Eutrophication of surface water due to phosphorus input from diffuse sources is a major problem in most European countries.
Information on origin and pathways of phosphorus is needed in order to improve water quality. P input by the different
pathways and P retention were estimated for a small agricultural catchment area in NE Germany. Resulting P export is given for
a 10-year period. Concentrations of phosphorus in surface runoff, tile drains, ditches and groundwater varied strongly from 15 to
O500 mg LK1 P. A wide range of interannual variability of P concentration in tile drainage was also found. P retention in
selected reaches was found to differ from 0.8–4.3 and 10.8–21.6 g m^-2 a^-1 depending on period and method applied. This was
mainly caused by uptake (benthic algae, macrophytes), sorption onto Fe(III) hydroxides, and sedimentation of particulate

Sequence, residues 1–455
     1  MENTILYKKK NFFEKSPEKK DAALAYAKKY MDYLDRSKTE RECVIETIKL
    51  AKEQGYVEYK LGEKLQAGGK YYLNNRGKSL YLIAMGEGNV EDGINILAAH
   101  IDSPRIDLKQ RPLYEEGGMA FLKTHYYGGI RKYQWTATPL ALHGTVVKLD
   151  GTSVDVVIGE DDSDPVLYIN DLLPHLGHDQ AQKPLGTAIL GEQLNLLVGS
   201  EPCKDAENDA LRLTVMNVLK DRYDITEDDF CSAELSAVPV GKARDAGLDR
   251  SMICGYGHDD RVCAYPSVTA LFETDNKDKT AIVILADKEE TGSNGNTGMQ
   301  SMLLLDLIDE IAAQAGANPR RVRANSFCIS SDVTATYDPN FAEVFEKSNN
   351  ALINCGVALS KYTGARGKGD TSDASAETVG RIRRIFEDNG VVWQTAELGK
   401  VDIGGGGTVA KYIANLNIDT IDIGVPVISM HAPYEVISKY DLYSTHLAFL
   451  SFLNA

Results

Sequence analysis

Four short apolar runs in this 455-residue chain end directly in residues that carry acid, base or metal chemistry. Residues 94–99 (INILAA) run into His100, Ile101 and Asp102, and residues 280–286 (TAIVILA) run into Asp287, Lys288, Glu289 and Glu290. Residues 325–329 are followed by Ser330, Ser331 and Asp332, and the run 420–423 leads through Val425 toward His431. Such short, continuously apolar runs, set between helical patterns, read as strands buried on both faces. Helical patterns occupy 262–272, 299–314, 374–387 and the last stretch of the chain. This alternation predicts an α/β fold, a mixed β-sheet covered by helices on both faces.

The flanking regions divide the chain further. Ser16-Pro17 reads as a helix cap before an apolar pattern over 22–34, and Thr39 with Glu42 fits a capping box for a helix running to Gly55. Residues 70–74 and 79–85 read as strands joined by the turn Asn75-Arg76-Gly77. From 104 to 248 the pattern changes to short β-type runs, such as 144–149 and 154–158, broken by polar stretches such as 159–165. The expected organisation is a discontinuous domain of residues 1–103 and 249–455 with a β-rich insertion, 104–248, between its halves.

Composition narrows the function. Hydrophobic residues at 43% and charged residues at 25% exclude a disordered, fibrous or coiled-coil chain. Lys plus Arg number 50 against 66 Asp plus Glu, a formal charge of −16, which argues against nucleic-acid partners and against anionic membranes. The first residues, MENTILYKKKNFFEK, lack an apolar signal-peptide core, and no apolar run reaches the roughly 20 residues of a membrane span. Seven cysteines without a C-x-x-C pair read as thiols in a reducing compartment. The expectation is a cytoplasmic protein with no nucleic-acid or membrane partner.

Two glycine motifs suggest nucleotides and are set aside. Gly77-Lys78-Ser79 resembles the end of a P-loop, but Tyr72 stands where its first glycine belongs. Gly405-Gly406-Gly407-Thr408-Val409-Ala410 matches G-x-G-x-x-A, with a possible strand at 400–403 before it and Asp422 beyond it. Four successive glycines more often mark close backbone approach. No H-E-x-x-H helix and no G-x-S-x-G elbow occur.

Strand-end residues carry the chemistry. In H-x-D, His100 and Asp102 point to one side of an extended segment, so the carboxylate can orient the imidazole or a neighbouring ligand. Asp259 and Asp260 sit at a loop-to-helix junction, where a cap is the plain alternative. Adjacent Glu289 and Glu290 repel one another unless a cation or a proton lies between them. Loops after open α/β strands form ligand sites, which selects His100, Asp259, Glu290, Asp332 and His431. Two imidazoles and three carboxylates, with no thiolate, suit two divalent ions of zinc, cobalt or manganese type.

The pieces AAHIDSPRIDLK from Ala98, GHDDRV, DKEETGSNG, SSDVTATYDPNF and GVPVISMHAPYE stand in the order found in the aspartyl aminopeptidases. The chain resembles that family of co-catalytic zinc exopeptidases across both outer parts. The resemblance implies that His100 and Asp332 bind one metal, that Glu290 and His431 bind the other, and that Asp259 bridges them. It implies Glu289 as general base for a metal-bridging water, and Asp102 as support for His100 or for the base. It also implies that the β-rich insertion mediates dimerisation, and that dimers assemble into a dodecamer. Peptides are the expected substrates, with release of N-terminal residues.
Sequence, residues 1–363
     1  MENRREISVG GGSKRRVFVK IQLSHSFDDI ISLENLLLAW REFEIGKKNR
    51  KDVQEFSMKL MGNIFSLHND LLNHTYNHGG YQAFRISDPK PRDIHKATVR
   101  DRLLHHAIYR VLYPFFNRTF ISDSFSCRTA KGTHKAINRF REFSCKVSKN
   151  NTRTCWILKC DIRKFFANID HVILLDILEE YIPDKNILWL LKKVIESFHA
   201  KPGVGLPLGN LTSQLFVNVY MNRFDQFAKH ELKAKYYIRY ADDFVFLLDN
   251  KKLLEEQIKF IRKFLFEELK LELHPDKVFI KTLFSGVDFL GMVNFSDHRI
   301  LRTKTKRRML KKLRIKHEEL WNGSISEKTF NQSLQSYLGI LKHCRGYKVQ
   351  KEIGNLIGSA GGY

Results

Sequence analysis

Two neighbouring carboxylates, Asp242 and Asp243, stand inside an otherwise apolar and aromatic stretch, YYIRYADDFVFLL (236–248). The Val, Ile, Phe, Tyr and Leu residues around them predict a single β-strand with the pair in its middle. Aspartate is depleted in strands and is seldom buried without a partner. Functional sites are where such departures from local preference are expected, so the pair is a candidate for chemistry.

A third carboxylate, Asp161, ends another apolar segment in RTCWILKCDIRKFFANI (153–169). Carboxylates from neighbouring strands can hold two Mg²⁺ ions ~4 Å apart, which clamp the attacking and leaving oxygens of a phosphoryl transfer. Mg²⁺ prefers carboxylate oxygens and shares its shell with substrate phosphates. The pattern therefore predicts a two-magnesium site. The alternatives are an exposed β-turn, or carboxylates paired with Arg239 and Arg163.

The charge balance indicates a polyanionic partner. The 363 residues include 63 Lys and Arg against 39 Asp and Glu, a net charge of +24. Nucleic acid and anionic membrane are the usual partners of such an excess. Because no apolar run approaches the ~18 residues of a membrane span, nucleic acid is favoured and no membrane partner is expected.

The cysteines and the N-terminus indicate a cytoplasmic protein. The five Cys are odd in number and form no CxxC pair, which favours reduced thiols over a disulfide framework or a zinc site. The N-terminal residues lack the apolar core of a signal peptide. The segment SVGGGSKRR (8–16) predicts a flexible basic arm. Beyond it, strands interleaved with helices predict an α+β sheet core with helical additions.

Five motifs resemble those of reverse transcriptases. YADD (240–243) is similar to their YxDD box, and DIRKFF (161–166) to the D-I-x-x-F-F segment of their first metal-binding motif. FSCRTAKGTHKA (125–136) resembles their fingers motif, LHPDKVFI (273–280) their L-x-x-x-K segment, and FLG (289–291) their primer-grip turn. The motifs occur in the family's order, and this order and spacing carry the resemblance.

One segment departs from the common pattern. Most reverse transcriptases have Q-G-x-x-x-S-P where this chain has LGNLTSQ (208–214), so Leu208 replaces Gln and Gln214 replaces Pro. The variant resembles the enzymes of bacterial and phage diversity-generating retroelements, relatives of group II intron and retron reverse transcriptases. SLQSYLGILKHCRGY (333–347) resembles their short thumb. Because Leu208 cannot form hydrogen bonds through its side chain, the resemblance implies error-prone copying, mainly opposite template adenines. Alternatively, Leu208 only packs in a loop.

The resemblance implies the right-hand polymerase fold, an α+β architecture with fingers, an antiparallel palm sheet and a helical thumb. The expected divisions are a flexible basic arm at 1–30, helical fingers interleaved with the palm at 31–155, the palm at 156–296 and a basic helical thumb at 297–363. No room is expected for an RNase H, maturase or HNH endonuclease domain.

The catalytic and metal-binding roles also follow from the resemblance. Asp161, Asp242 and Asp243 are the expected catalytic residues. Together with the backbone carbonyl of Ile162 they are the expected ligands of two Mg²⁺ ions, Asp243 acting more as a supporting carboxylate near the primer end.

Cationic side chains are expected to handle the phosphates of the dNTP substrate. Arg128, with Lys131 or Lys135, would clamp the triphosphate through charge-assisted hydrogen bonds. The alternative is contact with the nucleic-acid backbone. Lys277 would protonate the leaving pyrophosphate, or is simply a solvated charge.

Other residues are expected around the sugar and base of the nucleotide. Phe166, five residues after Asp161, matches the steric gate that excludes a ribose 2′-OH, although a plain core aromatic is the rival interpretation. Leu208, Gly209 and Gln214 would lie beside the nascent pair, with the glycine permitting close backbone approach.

matter in dead zones and on flood plains. Consequently, annual P loads also varied over a wide range. Infrequent storm water
events strongly influenced the P loss from the catchment, but the dominating pathway was subsurface flow due to tile drainage.
Total P loss varied from 0.04 to 0.25 kg haK1 aK1, which is less than in more maritime regions with less permeable soils.
The annual flow-weighted P export was between 0.82 and 2.16 g mmK1 haK1. The dependence of P export on tile drainage
of the basin is clearly demonstrated by a comparison with a mainly forested catchment. The information makes it possible to
assess the variability of input, retention and output for small agricultural catchments in the glacial northeastern landscape. The
results provide a base to develop restoration strategies to reduce diffuse pollution.
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